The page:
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Obama orders review of hacking during US election campaign

The White House said the review is not intended to question the legitimacy of Donald Trump’s victory.

Russian President Vladimir Putin and US President Barack Obama
Russian President Vladimir Putin and US President Barack Obama
Image: Andrew Harnik/AP

US PRESIDENT BARACK Obama has ordered intelligence officials to conduct a broad review of election season cyberattacks, including the email hacks that rattled the presidential campaign and raised fresh concerns about Russia’s meddling in US elections.

The review will be a “deep dive” into a possible pattern of increased “malicious cyber activity” timed to the campaign season, White House spokesman Eric Schultz said.

The review will look at the tactics, targets, key actors and the US government’s response to the recent email hacks, as well as incidents reported in past elections, he said.

Obama ordered the report earlier this week and asked that it be completed before he leaves office next month, Schultz said.

“The president wanted this done under his watch because he takes it very seriously,” he said. “We are committed to ensuring the integrity of our elections.”

US intelligence officials have accused Russia of hacking into Democratic officials’ email accounts in an attempt to interfere with the presidential campaign.

In the months leading up to the election, email accounts of Democratic Party officials and a Hillary Clinton campaign aide were breached, emails were leaked to Wikileaks and embarrassing and private emails posted online.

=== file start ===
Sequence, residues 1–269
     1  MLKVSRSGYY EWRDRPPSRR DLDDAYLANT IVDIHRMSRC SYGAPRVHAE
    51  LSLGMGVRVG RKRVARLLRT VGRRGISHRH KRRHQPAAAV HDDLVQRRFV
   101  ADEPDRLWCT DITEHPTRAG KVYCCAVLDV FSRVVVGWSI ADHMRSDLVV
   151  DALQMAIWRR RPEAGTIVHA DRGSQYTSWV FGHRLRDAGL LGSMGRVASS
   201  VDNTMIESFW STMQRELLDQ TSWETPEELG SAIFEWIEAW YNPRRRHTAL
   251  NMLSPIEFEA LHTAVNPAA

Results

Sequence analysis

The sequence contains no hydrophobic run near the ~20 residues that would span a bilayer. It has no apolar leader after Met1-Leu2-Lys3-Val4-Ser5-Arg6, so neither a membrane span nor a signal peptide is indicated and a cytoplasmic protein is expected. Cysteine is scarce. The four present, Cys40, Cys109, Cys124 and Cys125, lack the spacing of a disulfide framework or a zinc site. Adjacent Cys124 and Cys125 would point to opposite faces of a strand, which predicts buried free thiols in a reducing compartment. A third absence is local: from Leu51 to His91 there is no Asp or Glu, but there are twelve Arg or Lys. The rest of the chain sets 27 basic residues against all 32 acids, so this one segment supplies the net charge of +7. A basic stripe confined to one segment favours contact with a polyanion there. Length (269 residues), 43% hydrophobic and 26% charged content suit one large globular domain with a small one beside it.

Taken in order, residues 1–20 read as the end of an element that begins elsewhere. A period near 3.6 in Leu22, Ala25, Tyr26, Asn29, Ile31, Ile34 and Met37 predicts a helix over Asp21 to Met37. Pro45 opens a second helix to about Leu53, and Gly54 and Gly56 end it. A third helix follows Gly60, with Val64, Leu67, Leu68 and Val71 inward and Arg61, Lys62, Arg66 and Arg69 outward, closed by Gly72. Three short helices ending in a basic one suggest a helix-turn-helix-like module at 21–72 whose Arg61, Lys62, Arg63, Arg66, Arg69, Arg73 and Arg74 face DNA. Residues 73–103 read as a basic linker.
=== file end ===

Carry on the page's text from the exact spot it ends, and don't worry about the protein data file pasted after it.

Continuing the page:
Trump

Many Democrats believe the hackings benefited Republican Donald Trump’s bid. During the campaign, Trump downplayed the possibility that Russia was involved.

Schultz said Obama sought the probe as a way of improving US defence against cyberattacks and was not intending to question the legitimacy of Trump’s victory.

“This is not an effort to challenge the outcome of the election,” Schultz said.

Democratic lawmakers on the Senate intelligence committee have been pushing Obama to declassify more information about Russia’s role.

Representative Adam Schiff, senior Democrat on the House intelligence committee, said he welcomed Obama’s call for a review.

“Given President-elect Trump’s disturbing refusal to listen to our intelligence community and accept that the hacking was orchestrated by the Kremlin, there is an added urgency to the need for a thorough review before President Obama leaves office next month,” Schiff said in a statement.

If the administration doesn’t respond “forcefully” to such actions, “we can expect to see a lot more of this in the near future,” he said.

The White House said lawmakers and relevant state officials will be briefed on the report.

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